Managing bone defects using large acetabular cups and highly porous augments

Revision total hip arthroplasty (rTHA) is a difficult surgical procedure. The key challenge of this procedure is the potentially significant bone loss and the often encountered poor bone quality. Although much advancement in surgical techniques, technologies, and materials has been made in recent years and has helped improve the treatment of complex acetabular defects, several topics remain controversial, and a systematic incorporation of the technical advancement into treatment paradigms is still needed [1]. In this article, George A Macheras, Head of the Orthopedic Department in the Henry Dunant Medical Center, Athens, Greece, shares his experience and his strategies in managing acetabular bone defects. Examples of how cases of severe bone loss were managed using advanced techniques are also presented.

George A Macheras

Henry Dunant Medical Center, Athens, Greece

The Paprosky Classification

To perform a successful rTHA, it is crucial to accurately assess the severity and the pattern of bone loss so as to predict the ability of the remaining host bone to support the implants and maximize the amount of initial stability until bone ingrowth can occur [2]. The goal of an optimal solution is to restore hip biomechanics and achieve rigid fixation for long-term results.

As has been addressed in Part 1, among the various classification systems, the Paprosky Classification has demonstrated good validity and moderate reliability. When a surgeon is trained in this system, it can provide good reliability [3]. It is also the most clinically oriented because it assesses both the amount of acetabular bone loss and the ability of the remaining host bone to support the initial stability of the acetabular components [4]. In case of severe bone loss, the Paprosky Classification is a particularly useful treatment guide [1, 5].

Four radiographic features are important in determining the Paprosky types, ie, the teardrop, ischium, Köhler’s line, and superior migration (Figure 1). These four features indicate the integrity of the medial wall (teardrop), posterior column (ischium), anterior column (Köhler’s line), and superior dome (superior migration of the hip center) [6]. The criteria for the Paprosky Classification are summarized in Table 1 [4].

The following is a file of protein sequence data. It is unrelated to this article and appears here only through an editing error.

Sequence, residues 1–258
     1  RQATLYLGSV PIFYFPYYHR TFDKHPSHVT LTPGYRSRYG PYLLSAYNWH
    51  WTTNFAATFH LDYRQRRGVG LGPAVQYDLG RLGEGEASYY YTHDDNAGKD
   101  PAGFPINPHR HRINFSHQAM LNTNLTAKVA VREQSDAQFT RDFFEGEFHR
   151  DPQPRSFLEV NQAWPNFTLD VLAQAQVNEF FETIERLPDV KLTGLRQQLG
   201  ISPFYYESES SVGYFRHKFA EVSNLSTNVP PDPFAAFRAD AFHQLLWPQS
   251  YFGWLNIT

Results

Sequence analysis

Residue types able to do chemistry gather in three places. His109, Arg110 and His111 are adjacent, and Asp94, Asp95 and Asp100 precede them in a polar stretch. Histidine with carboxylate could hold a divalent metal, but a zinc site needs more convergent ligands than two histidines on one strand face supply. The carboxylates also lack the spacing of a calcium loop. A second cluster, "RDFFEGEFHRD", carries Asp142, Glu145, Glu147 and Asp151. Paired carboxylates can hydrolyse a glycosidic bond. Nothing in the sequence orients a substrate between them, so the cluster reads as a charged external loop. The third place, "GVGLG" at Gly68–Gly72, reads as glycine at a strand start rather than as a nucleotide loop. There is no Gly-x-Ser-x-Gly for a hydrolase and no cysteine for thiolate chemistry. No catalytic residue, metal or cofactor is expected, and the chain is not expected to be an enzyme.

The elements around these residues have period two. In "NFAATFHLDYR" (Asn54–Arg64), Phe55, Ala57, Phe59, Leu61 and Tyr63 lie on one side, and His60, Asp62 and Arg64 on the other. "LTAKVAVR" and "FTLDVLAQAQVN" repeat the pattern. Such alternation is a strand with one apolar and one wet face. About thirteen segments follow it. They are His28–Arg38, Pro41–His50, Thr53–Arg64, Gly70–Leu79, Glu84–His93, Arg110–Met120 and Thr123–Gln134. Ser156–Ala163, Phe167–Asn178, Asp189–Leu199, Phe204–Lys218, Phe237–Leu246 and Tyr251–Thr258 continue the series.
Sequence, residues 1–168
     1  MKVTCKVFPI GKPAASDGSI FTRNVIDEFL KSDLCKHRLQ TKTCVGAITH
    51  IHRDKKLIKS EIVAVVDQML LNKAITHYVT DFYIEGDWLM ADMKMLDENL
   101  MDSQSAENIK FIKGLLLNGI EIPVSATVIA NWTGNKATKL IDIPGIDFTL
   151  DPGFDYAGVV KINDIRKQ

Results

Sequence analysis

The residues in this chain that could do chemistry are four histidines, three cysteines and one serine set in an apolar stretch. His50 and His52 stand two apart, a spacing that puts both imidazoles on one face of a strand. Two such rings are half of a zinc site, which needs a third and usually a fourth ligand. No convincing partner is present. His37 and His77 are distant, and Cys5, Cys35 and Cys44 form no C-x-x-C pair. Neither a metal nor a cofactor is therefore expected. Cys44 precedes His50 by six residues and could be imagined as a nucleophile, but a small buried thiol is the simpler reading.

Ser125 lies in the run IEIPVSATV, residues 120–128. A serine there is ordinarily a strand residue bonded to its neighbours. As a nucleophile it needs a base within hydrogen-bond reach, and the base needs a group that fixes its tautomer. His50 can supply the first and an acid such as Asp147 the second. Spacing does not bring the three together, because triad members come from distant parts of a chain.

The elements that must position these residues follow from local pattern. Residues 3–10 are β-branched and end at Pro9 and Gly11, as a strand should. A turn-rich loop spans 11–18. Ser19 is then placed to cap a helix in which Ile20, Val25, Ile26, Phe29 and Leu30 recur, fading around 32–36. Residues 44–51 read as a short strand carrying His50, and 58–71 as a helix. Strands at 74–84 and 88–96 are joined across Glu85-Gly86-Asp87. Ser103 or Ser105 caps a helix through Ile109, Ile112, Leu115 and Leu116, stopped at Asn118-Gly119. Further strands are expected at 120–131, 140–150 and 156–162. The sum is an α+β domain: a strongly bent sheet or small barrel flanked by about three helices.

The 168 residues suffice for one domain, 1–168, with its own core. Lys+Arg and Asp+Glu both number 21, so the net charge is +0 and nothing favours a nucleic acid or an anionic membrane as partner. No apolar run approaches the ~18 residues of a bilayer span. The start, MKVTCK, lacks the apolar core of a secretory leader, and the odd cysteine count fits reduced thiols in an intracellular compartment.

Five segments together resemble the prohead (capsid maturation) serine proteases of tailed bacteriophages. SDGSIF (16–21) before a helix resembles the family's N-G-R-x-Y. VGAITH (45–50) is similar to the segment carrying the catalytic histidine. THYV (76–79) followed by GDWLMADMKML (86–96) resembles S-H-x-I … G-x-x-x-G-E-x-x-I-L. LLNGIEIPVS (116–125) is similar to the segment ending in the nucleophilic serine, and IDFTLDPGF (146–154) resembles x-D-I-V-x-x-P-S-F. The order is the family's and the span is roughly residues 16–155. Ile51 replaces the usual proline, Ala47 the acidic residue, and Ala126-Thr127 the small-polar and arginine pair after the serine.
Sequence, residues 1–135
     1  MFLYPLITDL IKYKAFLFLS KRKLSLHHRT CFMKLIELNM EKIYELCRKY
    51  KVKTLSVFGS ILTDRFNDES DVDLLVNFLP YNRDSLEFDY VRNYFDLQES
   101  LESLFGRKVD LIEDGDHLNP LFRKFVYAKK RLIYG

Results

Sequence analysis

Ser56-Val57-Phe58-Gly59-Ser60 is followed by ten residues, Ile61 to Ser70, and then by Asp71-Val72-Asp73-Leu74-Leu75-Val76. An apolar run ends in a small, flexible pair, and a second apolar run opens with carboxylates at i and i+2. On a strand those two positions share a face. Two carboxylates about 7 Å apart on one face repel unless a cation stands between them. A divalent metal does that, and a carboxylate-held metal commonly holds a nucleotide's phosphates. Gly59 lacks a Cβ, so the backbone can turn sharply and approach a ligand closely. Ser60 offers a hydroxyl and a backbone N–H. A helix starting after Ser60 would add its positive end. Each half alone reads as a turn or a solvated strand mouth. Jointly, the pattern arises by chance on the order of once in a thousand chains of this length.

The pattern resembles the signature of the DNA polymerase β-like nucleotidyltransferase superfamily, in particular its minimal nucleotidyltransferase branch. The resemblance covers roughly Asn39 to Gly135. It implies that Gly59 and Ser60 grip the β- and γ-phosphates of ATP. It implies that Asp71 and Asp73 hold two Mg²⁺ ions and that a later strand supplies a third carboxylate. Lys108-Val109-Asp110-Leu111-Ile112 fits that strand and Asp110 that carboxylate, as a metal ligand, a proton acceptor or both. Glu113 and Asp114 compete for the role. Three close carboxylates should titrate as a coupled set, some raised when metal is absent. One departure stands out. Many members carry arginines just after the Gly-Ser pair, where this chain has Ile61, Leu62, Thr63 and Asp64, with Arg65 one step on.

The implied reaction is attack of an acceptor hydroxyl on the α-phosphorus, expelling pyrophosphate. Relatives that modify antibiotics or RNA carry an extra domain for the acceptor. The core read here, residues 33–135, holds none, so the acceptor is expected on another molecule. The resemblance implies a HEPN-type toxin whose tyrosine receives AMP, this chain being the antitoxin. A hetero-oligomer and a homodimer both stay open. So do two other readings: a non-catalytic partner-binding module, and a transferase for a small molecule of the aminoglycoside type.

Ask the expert

We asked George Macheras how accurate a preoperative assessment of bone loss is in general. He told us that, intraoperatively, one should always be ready to encounter greater bone loss than predicted by the preoperative assessment. A meticulous debridement that rids the acetabulum of necrotic bone and scar tissue is pivotal, which should be followed by reaming the defects until bleeding healthy bone. Only then can the true bone loss be evaluated. For this reason, one should always have more than one reconstruction option available at the time of surgery.

Some general principles in treating acetabular bone loss are presented below.

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  • The Paprosky Classification
  • Did you know?
  • Modern advancement to enhance biological fixation
  • Jumbo cups
  • Highly porous metal augments
  • Type I defects
  • Principles in`Paprosky type II management
  • Type IIA defects
  • Type IIB defects
  • Type IIC defects
  • Principles in Paprosky type III management
  • Type IIIA defects
  • Type IIIB defects
  • Conclusion

Part 1 | Acetabular bone defects: classification and diagnosis

Part 3 | Management strategies for pelvic discontinuity

AO Recon resources

Contributing experts

This series of articles was created with the support of the following specialists (in alphabetical order):

Theofilos Karachalios

University General Hospital of Larissa at the University of Thessaly, Larissa, Greece

Thomas Kostakos

Henry Dunant Medical Center, Athens, Greece

George A Macheras

Henry Dunant Medical Center, Athens, Greece

The authors thank Maio Chen, medical writer at AO Innovation Translation Center, Switzerland, for contributing to the writing and editing of the articles.


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